Removed sofa, thought I needed more bass trapping

Need some help here with Room Acoustics and Bass Trapping. I removed the sofa in my listening room and in its place put a leather listening chair.

I just assumed that I would need additional room treatments. The sound definitely did get a brighter after removing the sofa. With the new Leather chair and all (reflective), I expected this.

I had 4 bass traps in the room already, in each corner of the room. Jon Rietch states that one can never have too many bass traps??? So I thought I would try building his panel style DIY bass traps to add to my existing traps.

The result is not good sounding. The whole soundstage narrowed, brightened further, and bloom disappeared etc. It was like the lower to mid frequencies diminished. Bass traps improve and define the lower region. That is what my other ones did.

So, maybe I overtreated the room?? In other words, "Did the extra heavy fiberglass insulation in the panels made the room 'acoustically dead' and not lively enough"????

I tried putting all the new panel traps I built on the opposite wall (back wall) from the speakers. At least in multi channel mode (home theater) the result was one of hearing the surround speakers in an unnatural way rather than ambience. In two channel stereo listening, it did not have a profound effect on the sound.

Any ideas where I am going wrong with my thoughts here? The speakers are Maggie 1.6. Maybe the sofa really wasn't absorbing much to begin with? You'd think that all those cushions would have to have tamed the room somehow though.

Hopefully this will generate some lively discussion.


This is a tough question. Obviously a big foam couch is going to absorb mid to high frequency and will affect a room.

Usually, the rear wall and corners is the right place for bass traps.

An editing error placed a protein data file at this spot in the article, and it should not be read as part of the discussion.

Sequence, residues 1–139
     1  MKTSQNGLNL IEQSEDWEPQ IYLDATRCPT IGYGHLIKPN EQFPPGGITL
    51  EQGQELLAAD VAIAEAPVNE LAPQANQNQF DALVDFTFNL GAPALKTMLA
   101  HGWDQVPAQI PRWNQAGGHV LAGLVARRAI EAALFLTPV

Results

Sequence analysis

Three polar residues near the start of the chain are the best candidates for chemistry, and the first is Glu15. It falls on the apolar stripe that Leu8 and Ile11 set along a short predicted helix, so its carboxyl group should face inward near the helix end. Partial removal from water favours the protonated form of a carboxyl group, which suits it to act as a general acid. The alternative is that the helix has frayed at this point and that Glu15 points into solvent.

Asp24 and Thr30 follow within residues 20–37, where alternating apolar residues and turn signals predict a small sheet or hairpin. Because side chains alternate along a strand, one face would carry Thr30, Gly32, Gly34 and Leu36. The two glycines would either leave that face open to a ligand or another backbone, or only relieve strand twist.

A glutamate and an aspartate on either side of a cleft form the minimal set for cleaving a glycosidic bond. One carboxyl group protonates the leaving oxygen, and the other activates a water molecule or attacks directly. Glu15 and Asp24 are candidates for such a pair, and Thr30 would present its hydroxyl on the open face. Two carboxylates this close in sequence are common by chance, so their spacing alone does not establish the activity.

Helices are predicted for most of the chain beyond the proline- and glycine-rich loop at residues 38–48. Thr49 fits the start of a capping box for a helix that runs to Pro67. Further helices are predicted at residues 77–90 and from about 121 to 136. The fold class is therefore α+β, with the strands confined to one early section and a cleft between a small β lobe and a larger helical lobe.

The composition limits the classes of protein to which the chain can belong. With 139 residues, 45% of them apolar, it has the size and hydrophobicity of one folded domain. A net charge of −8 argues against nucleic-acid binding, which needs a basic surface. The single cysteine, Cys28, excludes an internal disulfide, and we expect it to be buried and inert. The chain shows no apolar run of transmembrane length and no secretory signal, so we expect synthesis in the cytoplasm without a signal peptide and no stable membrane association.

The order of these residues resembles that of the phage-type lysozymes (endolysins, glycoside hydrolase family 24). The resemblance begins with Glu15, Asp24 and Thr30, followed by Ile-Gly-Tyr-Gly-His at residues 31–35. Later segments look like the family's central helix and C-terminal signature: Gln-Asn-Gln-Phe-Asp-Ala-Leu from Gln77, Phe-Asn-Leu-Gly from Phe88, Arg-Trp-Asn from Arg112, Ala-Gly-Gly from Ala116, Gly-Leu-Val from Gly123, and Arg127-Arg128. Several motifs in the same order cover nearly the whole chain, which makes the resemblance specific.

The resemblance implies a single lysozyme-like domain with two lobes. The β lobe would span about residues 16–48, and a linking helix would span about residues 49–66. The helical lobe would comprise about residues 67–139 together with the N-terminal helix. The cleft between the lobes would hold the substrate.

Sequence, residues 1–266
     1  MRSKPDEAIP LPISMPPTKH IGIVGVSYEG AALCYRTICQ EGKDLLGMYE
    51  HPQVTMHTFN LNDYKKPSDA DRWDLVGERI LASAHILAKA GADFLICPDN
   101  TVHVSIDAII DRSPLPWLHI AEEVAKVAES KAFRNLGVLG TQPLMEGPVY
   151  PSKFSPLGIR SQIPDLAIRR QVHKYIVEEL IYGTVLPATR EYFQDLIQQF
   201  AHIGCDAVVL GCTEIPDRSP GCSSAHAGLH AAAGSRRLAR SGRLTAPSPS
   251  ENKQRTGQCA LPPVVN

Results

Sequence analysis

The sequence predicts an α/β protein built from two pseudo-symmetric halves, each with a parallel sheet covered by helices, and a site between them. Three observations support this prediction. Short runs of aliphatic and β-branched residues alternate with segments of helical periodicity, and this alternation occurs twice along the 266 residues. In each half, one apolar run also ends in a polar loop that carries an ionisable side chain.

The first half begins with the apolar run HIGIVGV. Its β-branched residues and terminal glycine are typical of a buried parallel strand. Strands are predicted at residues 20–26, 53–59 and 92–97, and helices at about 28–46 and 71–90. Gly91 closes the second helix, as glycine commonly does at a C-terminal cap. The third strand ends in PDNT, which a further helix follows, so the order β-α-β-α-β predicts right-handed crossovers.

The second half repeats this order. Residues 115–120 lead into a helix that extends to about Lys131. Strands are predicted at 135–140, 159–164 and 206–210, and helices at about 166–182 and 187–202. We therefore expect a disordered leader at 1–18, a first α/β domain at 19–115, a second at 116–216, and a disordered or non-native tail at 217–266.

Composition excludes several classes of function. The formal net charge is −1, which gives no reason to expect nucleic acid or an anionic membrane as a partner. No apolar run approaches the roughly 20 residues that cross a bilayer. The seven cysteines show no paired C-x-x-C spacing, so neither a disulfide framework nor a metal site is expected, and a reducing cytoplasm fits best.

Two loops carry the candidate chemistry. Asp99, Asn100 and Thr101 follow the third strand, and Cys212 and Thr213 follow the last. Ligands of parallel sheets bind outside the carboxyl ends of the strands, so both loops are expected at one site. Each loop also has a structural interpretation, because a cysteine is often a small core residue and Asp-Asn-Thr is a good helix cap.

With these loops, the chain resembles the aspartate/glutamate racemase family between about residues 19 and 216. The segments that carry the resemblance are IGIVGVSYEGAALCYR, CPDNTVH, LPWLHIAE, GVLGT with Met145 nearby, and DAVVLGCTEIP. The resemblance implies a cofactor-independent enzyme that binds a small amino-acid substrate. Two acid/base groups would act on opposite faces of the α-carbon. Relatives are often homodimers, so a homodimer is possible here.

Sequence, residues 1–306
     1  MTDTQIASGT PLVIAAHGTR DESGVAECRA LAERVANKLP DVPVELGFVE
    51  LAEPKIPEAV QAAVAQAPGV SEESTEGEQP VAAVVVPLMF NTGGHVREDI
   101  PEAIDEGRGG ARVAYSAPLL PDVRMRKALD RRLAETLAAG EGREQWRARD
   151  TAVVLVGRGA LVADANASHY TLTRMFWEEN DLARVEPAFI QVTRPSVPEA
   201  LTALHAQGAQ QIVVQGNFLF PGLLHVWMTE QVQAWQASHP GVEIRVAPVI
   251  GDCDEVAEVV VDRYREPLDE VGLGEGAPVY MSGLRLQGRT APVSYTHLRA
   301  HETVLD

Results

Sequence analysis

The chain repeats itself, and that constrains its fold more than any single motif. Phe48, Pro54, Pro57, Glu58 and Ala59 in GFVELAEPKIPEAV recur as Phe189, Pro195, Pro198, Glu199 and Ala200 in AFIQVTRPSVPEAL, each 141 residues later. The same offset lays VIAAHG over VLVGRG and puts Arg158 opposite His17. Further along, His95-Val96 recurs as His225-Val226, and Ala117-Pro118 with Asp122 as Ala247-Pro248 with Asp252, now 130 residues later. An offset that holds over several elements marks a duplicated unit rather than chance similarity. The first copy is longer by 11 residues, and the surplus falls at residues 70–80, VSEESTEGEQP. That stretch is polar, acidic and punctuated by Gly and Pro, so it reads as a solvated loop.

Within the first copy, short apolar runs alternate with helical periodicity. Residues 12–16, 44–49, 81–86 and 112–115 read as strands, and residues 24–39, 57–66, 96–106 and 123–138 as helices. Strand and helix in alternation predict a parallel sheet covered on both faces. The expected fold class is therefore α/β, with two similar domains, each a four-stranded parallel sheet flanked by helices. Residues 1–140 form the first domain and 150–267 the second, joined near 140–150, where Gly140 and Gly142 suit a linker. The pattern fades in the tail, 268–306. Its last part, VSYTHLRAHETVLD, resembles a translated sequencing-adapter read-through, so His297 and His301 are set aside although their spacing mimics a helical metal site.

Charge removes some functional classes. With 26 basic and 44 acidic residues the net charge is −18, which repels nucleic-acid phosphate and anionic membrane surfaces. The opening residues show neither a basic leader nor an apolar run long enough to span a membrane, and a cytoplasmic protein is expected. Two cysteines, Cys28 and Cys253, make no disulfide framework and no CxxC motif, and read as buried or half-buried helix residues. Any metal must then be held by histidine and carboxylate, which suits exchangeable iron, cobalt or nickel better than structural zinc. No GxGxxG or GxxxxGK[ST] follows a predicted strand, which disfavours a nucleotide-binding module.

My research on bass traps is the only effective way to make a bass panel is with membranes or very large tube traps (20 inches or so). The membrane style should only work up to 300 Hz or so and would not make a room brighter. However, the panels may be more reflective than drywall. If you are just using rigid fiberglass panels, by themselves, they would only begin to absorb above 300 Hz and can "deaden" a room. I can email you a couple of "cheap and dirty" DIY membrane trap schematics. After the holidays, I'm gonna try to build something myself.
My good man,where did you move the sofa?Not on the sidewalk I hope!
Sorry I couldn't help myself.
I should make a few clarifications in my message.

First, the sofa was actually a Futon. Are those not mainly constructed of cotton type material?

I believe that the dipole nature of the Maggies does not work well with corner bass traps. As stated earlier, my existing bass traps at the front of the room are about one foot behind the woofer panel itself. The speakers are about 5 feet off the front wall.

They say that the front and rear wall should be different from each other in material construction or absorbtion, diffraction qualities. That is why I thought if I covered the wall at the rear of the room with all these DIY panels, that I may gain something. That said, the rear wall in the room has a "L" shape jog to it. Maybe the lack of an even plane wall at the back already breaks up the sound alot????

Hope that helps clarify some things.

One thought that occurs to me is that as you absorb more of the bass frequencies, you are changing the balance of the energy in the room. This could indeed sound brighter without and actual increase in the treble energy.

Also, I'm not an expert but the business about not being able to have too many bass traps doesn't sound quite right either.